Agbo, Hadiza A.; Okeahialam, Basil N.; Daru, Patrick H.
Background: Hypertensive disease in pregnancy (HDP) accounts for high mother and child morbi-mortality and predict future cardiometabolic diseases. This study aimed to identify obstetric predictors of HDP needing preventive action to reduce its consequences; when women present to antenatal clinic (ANC). Materials and Methods: Cross-sectional descriptive this was an Interviewer-administered semi-structured questionnaire-based study of the anthropometric, and blood pressure measurementsin attendees at the postnatal clinic (PNC) of Jos University with ANC records. Setting: Six weeks postnatal clinic (PNC) of Jos University Teaching Hospital (JUTH). Results: The following indices proved predictive of HDP and subsequent hypertension: weight (P = 0.009), hip circumference (P = 0.018), parity (P = 0.043), waist circumference (P = 0.00), abdominal height (P = 0.040), waist/height (P = 0.020), history of developing hypertension in previous pregnancy (P = 0.000), birth weight of baby (P = 0.02), and mode of delivery (P = 0.05). Conclusion: To initiate preventive action on ANC registration in mitigating effects of or outrightly preventing HDP, careful check on anthropometry as well as history of hypertension or operative/preterm delivery in a previous pregnancy is necessary PMID:27942098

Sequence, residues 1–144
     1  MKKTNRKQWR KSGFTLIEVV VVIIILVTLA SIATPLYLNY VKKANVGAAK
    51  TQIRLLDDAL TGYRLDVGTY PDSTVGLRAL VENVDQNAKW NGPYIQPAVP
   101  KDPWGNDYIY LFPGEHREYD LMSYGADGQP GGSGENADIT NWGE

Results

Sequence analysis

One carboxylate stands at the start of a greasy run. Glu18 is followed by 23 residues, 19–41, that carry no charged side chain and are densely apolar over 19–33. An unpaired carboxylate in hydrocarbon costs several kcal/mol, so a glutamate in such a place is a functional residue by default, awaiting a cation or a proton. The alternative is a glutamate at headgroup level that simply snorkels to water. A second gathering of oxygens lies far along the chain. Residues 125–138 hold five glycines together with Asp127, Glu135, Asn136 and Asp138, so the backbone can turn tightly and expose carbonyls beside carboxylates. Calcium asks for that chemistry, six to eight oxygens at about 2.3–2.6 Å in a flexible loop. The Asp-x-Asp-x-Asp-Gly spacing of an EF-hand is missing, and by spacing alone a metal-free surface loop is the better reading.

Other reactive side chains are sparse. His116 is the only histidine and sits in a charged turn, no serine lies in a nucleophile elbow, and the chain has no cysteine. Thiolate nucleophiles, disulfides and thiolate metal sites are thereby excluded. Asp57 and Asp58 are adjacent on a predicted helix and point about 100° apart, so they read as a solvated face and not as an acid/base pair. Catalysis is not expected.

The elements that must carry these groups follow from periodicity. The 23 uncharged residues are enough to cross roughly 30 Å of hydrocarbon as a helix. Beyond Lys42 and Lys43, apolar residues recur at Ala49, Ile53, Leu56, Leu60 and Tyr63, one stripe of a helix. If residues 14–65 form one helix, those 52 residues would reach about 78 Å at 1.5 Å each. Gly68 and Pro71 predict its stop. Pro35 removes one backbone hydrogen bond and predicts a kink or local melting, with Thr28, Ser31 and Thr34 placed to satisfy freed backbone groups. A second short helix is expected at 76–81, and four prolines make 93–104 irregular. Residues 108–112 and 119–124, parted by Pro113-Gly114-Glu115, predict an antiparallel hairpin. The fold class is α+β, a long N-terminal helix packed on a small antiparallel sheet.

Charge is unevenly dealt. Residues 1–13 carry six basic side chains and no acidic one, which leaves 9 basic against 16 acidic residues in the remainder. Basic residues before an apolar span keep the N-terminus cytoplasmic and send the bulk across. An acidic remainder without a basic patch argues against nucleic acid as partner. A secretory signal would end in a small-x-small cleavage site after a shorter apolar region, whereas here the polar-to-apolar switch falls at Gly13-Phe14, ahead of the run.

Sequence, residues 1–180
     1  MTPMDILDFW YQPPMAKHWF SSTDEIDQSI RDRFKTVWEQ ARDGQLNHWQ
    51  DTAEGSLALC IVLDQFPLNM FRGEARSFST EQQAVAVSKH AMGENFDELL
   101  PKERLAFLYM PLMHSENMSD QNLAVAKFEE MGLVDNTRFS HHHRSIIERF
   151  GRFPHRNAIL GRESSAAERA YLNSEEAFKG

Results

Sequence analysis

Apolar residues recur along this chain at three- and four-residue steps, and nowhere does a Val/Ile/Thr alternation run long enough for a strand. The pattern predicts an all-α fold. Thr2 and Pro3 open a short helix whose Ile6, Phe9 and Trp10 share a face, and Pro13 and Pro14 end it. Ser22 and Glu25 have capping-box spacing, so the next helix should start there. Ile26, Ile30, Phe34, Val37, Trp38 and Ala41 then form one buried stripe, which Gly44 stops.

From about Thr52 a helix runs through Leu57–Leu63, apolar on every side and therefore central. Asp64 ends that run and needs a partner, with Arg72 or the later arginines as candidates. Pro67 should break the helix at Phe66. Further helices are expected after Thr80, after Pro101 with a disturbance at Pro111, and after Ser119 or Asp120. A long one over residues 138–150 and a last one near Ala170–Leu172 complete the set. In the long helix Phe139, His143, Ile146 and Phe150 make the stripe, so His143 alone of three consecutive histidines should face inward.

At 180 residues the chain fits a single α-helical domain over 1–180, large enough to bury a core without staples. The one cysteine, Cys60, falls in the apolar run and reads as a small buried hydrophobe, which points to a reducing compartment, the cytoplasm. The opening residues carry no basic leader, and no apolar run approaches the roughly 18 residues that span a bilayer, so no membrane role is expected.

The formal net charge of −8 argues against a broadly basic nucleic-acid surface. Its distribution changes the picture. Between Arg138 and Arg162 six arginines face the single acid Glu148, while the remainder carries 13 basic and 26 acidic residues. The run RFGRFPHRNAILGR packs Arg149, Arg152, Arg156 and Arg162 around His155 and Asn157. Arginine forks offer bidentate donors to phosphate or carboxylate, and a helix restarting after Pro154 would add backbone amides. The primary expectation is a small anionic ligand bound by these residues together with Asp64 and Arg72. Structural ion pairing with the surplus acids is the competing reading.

Ugodulunwa, Christiana; Wakjissa, Sayita
This study investigated the use of portfolio assessment technique in teaching map sketching and location in geography in Jos, Nigeria. It adopted a quasi-experimental design. Two schools were selected using a table of random numbers from a population of 51 schools in Jos South and assigned to each of experimental and control group. The…
Adewumi, S. E.; Dooga, J.; Dakas, D. C. J.; Yakmut, D. I.; Mafwil, T. J.
This report describes the eLearning Fellowship Program at the University of Jos (UNIJOS), first introduced in October 2008 through a grant from the Carnegie Corporation of New York and recently adopted by the Partnership for Higher Education in Africa (PHEA) Educational Technology Initiative (ETI). The fellowship is a one-year program aimed at…
Messina, P.; Metzger, E. P.; Sedlock, R. L.